But of course, we are assuming that there is no 9/11, and therefore no invasion force perched on Iraq’s doorstep. The leverage necessary to drive real concessions remains back at its base in the United States. Could the US have avoided the collapse of the containment regime without the threat of ground invasion?
This seems unlikely. The significant air and naval resources already in place were not sufficient to enforce the existing regime, never mind compel a new one. If the credible threat of a ground invasion were not available, how else could the US have pressed for containment? Meanwhile, the clock was ticking on the existing containment regime. The basing arrangement was a liability with Muslim public opinion in both Saudi Arabia and Turkey, the economic sanctions were unpopular with both Muslim and European opinion, the French had long since dropped out from participating in no-fly zone enforcement, and there were still no weapons inspectors. This was not a containment strategy that had long to last before it became untenable, meaningless, or both.
The Inevitable War
In all likelihood, the containment regime would have finally collapsed, or at least become irrelevant, sometime in the second half of the decade. This would have posed a significant problem for whichever person was president then, be it a re-elected George W. Bush or a Democrat. A President could not be seen as “losing” Iraq and allowing Saddam Hussein free rein once more. Even if public opinion would have been amenable, which I seriously doubt it would, the hawks within Congress would have pressed for regime change under the terms of the Iraq Liberation Act.
Under those conditions, it is conceivable that an expeditionary force would have been sent to Kuwait, in order to pressure Hussein. The composition of that force might have varied. Had the intent been to create diplomatic pressure, it is conceivable that some international forces might have participated. If the purpose was to launch a war, it is likely that international participation would have remained as scant as in the actual Iraq War. Furthermore, a serious willingness to go to war would be essential for the US effort to have credibility in the eyes of Iraq, Russia, and China, but the more willing the US was to actually exercise force, the less international participation would actually be forthcoming.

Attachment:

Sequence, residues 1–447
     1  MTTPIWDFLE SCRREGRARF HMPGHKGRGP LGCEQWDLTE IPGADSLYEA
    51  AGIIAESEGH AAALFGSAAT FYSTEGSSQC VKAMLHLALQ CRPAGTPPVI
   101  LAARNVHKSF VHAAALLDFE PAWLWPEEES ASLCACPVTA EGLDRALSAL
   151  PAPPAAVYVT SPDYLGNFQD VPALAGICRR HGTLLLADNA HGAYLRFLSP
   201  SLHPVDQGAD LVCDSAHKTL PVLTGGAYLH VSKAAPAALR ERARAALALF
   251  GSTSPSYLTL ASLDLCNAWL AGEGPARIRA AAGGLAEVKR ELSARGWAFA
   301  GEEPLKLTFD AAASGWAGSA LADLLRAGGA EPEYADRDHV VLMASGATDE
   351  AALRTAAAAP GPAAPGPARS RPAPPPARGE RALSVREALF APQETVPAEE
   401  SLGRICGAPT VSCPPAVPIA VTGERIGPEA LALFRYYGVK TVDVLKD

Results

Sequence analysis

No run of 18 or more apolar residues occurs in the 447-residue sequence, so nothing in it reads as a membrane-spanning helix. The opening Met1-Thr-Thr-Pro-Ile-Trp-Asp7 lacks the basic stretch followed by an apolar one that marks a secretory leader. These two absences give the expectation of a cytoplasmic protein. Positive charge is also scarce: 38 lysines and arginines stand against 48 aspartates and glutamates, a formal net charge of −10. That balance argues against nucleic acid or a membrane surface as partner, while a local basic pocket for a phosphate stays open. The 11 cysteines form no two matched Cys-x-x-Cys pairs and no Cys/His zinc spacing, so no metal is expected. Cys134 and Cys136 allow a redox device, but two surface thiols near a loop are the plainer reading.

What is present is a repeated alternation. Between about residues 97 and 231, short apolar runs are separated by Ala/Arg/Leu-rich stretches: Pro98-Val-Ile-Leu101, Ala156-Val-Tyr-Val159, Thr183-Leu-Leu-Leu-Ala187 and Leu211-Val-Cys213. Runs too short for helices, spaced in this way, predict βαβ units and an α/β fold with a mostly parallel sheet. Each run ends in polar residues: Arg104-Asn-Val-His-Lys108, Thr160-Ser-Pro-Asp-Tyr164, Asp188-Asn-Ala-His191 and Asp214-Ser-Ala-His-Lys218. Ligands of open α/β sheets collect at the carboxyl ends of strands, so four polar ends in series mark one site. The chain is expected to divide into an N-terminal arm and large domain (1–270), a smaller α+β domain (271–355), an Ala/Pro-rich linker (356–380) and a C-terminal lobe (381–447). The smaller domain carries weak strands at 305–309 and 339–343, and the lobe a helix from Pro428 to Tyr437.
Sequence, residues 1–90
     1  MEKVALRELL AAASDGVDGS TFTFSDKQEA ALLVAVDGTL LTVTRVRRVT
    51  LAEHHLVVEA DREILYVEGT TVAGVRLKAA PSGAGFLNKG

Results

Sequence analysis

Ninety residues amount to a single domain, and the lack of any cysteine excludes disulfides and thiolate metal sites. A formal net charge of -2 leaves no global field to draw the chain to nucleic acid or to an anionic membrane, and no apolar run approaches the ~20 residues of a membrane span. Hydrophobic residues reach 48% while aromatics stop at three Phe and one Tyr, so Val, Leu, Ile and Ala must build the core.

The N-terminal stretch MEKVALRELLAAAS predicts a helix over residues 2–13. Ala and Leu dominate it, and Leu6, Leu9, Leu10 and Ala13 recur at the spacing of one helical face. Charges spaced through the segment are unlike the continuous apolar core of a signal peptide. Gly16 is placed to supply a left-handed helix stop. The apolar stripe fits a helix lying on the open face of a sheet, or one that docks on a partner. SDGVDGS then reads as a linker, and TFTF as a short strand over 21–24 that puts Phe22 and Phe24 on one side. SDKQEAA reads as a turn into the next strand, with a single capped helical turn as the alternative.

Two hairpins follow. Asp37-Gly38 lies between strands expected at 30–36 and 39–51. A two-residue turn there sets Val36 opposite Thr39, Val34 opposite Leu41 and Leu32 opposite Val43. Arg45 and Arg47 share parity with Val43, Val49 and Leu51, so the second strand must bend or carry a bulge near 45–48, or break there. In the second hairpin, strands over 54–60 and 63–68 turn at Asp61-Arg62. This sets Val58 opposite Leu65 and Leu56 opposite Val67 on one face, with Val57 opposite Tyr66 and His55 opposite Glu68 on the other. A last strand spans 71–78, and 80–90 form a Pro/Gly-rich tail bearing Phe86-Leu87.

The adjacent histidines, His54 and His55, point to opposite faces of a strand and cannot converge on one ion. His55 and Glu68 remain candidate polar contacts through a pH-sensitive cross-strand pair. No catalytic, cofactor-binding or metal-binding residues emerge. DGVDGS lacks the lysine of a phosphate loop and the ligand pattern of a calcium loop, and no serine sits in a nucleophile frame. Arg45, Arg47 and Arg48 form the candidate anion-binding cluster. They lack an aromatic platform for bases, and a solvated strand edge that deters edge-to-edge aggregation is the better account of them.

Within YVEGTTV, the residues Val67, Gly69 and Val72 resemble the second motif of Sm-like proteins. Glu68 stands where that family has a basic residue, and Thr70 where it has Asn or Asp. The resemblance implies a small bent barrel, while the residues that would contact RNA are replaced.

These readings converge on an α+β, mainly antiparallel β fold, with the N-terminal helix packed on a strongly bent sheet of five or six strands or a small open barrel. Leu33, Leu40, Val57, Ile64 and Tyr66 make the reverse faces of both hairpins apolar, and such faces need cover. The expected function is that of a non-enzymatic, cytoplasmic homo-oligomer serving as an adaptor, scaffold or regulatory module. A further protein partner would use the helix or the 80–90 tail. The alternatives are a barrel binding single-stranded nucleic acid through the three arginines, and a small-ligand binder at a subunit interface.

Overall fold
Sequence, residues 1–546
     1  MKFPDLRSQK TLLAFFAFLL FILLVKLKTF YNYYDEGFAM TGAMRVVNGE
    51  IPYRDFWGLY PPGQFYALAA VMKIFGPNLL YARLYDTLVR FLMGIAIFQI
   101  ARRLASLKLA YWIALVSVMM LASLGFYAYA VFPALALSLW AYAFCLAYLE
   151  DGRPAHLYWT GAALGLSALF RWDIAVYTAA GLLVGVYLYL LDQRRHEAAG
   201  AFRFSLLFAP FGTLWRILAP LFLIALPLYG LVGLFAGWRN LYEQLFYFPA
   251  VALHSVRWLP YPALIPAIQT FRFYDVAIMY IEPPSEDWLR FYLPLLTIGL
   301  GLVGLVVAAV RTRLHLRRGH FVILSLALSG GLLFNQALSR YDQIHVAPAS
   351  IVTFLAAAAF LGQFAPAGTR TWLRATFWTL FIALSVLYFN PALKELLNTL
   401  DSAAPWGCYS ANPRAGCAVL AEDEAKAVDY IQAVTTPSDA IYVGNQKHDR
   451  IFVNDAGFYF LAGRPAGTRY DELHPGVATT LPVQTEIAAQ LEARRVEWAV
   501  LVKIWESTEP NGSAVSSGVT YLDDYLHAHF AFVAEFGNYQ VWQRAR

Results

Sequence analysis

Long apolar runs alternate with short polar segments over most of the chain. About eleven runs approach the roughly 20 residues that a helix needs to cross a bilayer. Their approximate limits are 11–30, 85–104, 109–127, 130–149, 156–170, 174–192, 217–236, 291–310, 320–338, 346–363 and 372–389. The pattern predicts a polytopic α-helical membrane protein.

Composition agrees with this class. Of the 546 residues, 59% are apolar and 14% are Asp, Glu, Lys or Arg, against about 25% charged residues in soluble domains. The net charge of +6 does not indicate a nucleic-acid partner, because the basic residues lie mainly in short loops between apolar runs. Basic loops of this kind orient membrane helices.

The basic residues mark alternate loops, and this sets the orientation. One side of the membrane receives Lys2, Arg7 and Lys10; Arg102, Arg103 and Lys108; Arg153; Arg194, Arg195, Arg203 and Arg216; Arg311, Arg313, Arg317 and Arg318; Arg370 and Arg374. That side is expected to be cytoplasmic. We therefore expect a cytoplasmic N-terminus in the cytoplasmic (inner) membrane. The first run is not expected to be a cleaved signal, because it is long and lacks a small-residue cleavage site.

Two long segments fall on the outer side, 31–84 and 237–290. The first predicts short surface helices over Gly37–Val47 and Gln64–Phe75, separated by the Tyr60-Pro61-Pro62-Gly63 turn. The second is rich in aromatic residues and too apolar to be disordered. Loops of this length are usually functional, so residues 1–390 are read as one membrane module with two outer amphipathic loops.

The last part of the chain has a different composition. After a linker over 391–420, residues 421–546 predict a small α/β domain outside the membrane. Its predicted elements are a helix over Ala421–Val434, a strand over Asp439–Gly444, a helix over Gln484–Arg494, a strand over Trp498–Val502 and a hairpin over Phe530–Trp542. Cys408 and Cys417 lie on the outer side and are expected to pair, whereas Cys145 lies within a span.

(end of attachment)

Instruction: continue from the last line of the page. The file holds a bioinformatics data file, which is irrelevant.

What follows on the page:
So if a multinational force showed up on the Iraqi border, it would probably have been insufficient to accomplish its diplomatic objective. A solely American, or perhaps US-UK force, would have been more credible in diplomacy, because it would be better prepared to engage in combat. The President at that point would then have to make a decision: take advantage of the diplomatic opportunity for rejuvenating containment, or carry out the mandate within the Iraq Liberation Act and force the Hussein regime from power?